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When Should You Start Estate Planning?

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By Fate Kersey
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At what age do most people do estate planning

Most people put off estate planning because they think they aren’t old enough, they don’t have enough assets, they don’t know where to begin or who can help them or they simply don’t want to deal with it.

But everyone over the age of 18 should have some important documents in place to protect their property, health care and family members. It’s a good idea to update these documents as life changes occur.

Young Adults

When it comes to estate planning, most young adults have their minds set on building careers, paying off student debt, starting families or buying a home. But the unexpected can occur at any time, and an estate plan is essential to ensure your family and friends are taken care of in the event of a serious illness or death.

Young people also often have significant assets, such as real estate and cars, or heirlooms from their families. They need to allocate these assets and name a person to make decisions on their behalf in the event they are unable to do so.

This is especially true as they get married, buy a home and add additional assets. All of these events can trigger an estate plan update to reflect changes in life.

20s-30s

While you’re in your 20s, many life milestones occur: marriage, buying a home, having children, and accruing financial assets. These events add to your financial and legal responsibilities, which increases the need to have an estate plan in place.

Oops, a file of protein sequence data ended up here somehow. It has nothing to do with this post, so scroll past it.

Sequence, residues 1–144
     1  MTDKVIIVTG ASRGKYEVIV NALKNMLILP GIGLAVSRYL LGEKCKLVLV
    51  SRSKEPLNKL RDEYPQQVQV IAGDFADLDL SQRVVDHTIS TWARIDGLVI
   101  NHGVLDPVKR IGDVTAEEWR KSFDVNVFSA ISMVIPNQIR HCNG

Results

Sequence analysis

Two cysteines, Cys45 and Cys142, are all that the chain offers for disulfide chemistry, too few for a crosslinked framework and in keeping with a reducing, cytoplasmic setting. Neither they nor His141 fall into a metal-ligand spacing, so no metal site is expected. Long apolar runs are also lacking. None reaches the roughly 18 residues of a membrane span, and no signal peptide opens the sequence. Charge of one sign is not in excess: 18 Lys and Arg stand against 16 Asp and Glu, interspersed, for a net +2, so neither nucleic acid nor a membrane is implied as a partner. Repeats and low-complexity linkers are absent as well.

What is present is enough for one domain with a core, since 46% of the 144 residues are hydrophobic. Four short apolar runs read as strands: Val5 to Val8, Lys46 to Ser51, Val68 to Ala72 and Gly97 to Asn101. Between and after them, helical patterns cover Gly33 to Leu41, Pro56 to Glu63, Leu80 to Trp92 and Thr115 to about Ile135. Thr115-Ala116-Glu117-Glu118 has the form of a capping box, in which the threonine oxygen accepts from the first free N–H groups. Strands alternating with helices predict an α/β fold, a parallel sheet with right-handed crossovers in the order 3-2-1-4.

One way to do this is to create a will or trust as soon as you can. These documents will outline how you would like your financial assets distributed to inheritors, as well as who should be the executor of your estate if you die.

This type of estate planning is especially important if you have children. It ensures that your children will be taken care of if you pass away.

The survey also showed that those with more education are more likely to have estate plans in place. Those with postgraduate degrees were more than twice as likely to have a will or other type of estate planning document, while those with a high school degree or less were nearly half as likely to do so.

40s-50s

There is no right age to start estate planning, but it can be beneficial to do so as early as possible. Especially when there is a chance that you may become incapacitated and need help making decisions about your health and finances.

Your 40s are a good time to consider updating your documents and making changes to protect you and your family members. This can include changing your legal guardian, updating a power of attorney or a HIPAA release, and establishing new beneficiaries for your retirement accounts and other assets.

You might also consider setting up a trust, which outlines how your wealth should be distributed in the event that you die. This can be very useful if you have accumulated significant financial assets and would like to pass those assets on to your children or other heirs.

The coronavirus pandemic has helped increase awareness about the importance of completing an estate plan, and it is never too early to get your affairs in order. Taking the time to create a will and other documents allows you to communicate your wishes for how your assets should be distributed, who should make medical or financial decisions on your behalf, and how you would like to spend your last years.

60s and Beyond

Those in their 60s and beyond are typically well into the financial lifecycle, which means they can start to accumulate wealth and assets. However, they may still have many questions about the future.

Estate planning is a necessary and important part of this stage of life. It can help you leave a legacy you are proud of, and it can protect your loved ones’ financial and personal assets.

The most common estate-planning tasks are to write a will and establish a Lasting Power of Attorney, which can ensure your decisions about health care are respected if you become incapacitated. Additionally, you may need to consider a trust as a way of protecting your assets.

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